Cardiorenal Syndrome 3/5/2019

Thanks Elan for presenting a case of a 63yo M with HIV HFrEF (25%), EtOH cirrhosis (CP Class A, MELD 8), HTN, HLD, and ongoing alcohol use with dietary nonadherence presenting with shortness of breath and anasarca. His JVD was elevated on presentation, and CT PE/AP in the ED revealed dilated IVC and e/o pulmonary edema.

He underwent diuresis and initially improved, but 48 hours into his hospitalization, he developed oliguric AKI, hepatic encephalopathy, and relative hypotension.

Urine studies were consistent with activation of RAAS and ADH (kidneys seeing low perfusion, and echo was concerning for biventricular failure with EF < 20%. A trial of Lasix managed to produce a UOP of 800cc in 24 hours, so a decision was made to transfer pt to the Stepdown for dobutamine assisted diuresis for suspected Cardiorenal Syndrome. Pt ultimately diuresed 18L of fluid (his weight also went down 10+kg, that’s around 22lbs!) and his renal function quickly returned to baseline after aggressive diuresis.

Cardiorenal Syndrome

The diagnosis dilemma for this case was the etiology of pt’s AKI. He was exposed to contrast, hence 48 hours later contract-induced nephropathy can be expected. He also has liver cirrhosis with acute decompensation, hence hepatorenal syndrome (HRS) is something that we cannot miss. Given his poor cardiac function, cardiorenal syndrome (CRS) is also high on the differential!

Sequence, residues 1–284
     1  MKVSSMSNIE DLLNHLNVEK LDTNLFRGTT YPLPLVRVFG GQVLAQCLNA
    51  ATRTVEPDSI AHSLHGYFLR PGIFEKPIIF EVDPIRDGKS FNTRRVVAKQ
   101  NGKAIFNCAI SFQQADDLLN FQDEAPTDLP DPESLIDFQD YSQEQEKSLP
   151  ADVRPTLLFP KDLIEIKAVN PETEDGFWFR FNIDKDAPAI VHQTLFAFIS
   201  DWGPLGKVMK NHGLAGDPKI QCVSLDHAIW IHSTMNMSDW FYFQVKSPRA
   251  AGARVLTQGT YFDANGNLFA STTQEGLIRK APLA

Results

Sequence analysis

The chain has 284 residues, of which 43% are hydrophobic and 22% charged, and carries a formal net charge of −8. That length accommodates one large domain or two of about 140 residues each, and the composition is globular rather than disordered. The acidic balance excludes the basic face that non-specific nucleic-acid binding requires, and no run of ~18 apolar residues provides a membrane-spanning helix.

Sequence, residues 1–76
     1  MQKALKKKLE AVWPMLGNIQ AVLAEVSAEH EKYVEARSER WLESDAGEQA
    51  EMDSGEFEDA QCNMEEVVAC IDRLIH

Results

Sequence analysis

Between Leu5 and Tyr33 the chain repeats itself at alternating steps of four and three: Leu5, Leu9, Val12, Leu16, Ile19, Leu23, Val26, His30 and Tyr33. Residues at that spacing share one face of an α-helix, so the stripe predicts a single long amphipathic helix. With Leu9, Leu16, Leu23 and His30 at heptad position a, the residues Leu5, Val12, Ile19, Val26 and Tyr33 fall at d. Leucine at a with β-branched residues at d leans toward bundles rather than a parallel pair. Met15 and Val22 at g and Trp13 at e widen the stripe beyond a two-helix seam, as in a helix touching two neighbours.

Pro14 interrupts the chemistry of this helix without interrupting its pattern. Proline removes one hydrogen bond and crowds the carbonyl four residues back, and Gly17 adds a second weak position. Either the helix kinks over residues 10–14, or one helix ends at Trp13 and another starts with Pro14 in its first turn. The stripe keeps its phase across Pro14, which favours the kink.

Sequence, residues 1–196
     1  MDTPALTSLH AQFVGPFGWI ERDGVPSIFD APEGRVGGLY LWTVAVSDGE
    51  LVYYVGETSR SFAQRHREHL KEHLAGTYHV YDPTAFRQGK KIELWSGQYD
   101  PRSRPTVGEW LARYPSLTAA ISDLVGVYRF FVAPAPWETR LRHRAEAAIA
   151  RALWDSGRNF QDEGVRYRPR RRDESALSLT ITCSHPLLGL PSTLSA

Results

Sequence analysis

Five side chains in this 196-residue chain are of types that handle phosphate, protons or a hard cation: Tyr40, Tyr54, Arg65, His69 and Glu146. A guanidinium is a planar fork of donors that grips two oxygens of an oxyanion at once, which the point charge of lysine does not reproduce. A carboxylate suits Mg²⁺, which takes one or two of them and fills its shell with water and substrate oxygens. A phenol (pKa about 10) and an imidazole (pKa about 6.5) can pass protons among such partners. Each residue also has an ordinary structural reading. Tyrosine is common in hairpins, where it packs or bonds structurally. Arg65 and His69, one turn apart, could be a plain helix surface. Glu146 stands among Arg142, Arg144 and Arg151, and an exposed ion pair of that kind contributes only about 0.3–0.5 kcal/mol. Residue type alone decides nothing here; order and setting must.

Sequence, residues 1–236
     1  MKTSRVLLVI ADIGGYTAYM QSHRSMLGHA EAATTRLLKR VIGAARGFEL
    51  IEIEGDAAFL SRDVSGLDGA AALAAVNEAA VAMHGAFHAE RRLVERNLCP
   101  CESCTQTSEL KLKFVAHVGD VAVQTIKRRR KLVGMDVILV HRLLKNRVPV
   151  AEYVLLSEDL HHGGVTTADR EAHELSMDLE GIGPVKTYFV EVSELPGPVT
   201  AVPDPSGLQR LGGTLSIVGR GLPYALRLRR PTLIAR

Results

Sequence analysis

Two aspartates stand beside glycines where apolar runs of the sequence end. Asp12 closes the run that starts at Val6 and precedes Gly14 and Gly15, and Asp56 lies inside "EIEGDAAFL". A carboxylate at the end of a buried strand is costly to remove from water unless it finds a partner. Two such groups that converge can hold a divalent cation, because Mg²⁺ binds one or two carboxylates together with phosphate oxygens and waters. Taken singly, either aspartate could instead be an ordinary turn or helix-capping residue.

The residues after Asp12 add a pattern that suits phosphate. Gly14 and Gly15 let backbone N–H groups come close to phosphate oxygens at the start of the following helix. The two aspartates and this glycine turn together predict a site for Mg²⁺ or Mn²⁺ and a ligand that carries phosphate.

Keep in mind that there are 5 types of Cardiorenal Syndrome:

  • Type 1: Acute heart failure -> AKI, decreased renal arterial flow due to acutely decompensated HF
  • Type 2: Chronic HF leading to chronic renal hypoperfusion leading to CKD
  • Type 3: AKI leading to adverse cardiac events
  • Type 4: CKD leading to adverse cardiac events
  • Type 5: Multifactorial, systemic insult leads to both cardiac and renal failure

Regardless, the general principle is to restore renal perfusion. Given his biventricular failure, volume status, and initial presentation, Cardiorenal is suspected as more likely, hence pt received inotropic support (improves forward flow) and diuresis (Get pt back on the right side of the Frank Starling curve, also improves forward flow). Overall management of CRS is not much different compared to acute decompensated heart failure.

There is some evidence that more aggressive diuresis is associated with better outcomes (ESCAPE trial).

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